The idea behind B-trees is that inner nodes can have a variable number of child nodes within some pre-defined range. This causes B-trees to not need re-balancing frequently, unlike AVL trees. The lower and upper bounds on the number of child nodes are fixed for a particluar implementation. For example, in a 2-3 B-tree (often simply *2-3 tree*), each node may have only 2 or 3 child nodes. A node is considered to be in an illegal state if it has an invalid number of child nodes.

See also red-black tree.

Table of contents |

2 Steps for Deletion 3 Steps for Insertion 4 Searching 5 Notes 6 External Links |

*Generally speaking, the "separation values" can simply be the values of the tree.*

- If after removing the desired node, no inner node is in an illegal state then the process is finished.
- If some inner node is in an illegal state then there are two possible cases:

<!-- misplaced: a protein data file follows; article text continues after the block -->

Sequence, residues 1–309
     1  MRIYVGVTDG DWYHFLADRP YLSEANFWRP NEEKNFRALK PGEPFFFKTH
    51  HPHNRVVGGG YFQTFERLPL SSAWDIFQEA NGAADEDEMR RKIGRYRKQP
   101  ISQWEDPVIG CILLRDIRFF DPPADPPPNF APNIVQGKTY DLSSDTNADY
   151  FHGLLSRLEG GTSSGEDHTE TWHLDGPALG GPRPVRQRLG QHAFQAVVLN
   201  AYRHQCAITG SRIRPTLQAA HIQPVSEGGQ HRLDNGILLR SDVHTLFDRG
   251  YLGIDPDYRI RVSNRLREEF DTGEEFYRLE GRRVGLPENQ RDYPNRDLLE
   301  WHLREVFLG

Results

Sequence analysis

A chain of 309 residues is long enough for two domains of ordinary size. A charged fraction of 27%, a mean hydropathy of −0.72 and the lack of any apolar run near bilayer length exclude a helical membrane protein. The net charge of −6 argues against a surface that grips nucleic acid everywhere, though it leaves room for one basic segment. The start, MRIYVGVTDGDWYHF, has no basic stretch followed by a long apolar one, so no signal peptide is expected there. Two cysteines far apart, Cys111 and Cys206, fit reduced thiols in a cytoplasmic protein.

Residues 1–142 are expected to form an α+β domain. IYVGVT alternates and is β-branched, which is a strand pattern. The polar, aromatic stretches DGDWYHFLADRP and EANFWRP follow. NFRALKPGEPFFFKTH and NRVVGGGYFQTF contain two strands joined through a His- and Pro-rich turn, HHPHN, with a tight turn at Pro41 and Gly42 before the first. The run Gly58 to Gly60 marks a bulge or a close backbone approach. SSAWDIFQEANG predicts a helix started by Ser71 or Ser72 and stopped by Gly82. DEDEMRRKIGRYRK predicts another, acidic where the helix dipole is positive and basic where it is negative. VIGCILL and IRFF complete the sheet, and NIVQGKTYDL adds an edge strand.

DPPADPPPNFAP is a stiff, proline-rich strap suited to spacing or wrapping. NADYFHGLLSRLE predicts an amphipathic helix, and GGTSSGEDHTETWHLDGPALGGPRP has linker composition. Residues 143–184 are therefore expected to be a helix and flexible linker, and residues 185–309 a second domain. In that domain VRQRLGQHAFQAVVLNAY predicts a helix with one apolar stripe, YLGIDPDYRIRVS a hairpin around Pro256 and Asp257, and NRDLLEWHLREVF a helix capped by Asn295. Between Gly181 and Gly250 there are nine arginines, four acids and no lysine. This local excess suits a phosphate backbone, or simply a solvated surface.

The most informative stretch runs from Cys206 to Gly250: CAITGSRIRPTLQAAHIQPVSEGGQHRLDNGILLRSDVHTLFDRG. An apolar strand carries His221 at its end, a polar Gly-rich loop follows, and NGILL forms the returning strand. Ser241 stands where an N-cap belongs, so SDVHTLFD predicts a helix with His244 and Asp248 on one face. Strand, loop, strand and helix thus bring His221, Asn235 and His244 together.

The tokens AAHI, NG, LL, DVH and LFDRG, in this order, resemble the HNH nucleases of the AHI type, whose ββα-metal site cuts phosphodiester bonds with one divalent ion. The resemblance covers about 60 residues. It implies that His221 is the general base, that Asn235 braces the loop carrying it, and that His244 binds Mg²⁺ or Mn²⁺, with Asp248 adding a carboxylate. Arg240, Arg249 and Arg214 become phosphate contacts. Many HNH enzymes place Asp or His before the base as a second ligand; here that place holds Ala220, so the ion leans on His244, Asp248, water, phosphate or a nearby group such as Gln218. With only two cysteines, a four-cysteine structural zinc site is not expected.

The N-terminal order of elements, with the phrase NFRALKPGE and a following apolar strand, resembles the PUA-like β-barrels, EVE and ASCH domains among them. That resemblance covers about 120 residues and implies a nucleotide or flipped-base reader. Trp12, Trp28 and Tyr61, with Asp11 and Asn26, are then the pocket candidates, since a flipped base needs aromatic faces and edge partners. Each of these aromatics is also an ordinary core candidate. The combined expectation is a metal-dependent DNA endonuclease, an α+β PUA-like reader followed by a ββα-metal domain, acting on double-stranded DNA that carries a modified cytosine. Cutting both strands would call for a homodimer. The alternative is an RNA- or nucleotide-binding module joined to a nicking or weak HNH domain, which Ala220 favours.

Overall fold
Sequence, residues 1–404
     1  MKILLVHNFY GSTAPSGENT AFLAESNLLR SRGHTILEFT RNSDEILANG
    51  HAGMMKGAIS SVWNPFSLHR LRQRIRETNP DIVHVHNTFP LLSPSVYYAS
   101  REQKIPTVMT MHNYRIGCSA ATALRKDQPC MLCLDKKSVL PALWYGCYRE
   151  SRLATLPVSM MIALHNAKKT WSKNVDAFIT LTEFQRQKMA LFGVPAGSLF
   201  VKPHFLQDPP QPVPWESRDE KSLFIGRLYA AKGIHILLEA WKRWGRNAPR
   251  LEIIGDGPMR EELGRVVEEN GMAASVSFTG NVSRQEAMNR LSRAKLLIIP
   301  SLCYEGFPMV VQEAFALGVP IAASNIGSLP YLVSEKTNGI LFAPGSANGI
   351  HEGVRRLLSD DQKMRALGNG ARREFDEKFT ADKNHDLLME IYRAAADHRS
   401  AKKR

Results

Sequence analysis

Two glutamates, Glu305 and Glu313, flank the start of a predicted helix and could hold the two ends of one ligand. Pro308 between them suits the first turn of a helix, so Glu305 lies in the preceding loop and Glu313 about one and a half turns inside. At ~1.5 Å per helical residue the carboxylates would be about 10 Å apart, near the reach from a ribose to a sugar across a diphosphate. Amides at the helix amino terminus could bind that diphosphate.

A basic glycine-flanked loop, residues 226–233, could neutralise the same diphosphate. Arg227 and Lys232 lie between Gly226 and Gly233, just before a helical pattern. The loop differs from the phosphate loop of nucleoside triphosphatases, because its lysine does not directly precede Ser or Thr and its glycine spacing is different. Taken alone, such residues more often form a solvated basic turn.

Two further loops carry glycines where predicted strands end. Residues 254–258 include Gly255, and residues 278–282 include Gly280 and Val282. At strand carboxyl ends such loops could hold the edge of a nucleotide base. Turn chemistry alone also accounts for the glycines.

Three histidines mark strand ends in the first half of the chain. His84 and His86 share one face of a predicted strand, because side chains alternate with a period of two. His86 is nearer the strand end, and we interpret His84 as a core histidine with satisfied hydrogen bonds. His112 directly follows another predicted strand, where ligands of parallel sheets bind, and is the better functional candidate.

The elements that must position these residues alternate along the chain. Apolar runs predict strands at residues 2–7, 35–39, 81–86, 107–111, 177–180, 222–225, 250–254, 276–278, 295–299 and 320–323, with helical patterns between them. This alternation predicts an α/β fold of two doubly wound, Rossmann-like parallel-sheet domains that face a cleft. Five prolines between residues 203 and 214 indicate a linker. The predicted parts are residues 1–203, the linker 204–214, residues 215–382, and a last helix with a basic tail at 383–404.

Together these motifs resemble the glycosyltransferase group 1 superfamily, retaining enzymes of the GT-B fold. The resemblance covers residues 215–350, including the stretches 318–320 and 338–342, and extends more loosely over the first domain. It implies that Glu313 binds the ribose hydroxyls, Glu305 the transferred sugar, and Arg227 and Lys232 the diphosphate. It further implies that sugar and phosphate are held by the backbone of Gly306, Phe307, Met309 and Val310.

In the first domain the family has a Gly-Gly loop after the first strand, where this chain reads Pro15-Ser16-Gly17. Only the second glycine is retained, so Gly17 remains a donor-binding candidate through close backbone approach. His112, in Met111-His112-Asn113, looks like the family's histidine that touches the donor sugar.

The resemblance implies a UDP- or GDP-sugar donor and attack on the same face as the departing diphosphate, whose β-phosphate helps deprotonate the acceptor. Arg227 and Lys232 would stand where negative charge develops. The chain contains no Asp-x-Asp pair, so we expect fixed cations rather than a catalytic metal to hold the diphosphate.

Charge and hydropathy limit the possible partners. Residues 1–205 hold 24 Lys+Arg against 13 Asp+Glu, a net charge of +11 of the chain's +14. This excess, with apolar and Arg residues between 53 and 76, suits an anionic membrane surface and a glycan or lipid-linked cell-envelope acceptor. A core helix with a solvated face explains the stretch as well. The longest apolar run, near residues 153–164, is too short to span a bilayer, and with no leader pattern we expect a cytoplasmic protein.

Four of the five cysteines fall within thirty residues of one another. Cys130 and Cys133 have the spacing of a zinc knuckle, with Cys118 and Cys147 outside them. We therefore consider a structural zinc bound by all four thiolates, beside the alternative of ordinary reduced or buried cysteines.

- Its sibling node (a child of the same parent node) can transfer one of its child nodes to the current node and return it to a legal state. If so, after updating the separation values in the parent and the two siblings the operation ends.
- Its sibling does not have an extra child because it is on the lower bound too. In that case both these nodes are merged into a single node and the action is transferred to the parent node, since it has had a child node removed.

- If after inserting the node into the appropriate position, no inner node is in an illegal state then the process is finished.
- If some node has more than the maximum amount of child nodes then it is split into two nodes, each with the minimum amount of child nodes. This process continues action recursivly in the parent node.

Searching is performed very similar to a binary tree search, simply by following the separation values until the value is found or the end of the tree is reached.

Robert Tarjan proved that the amortized number of splits/merges is 2.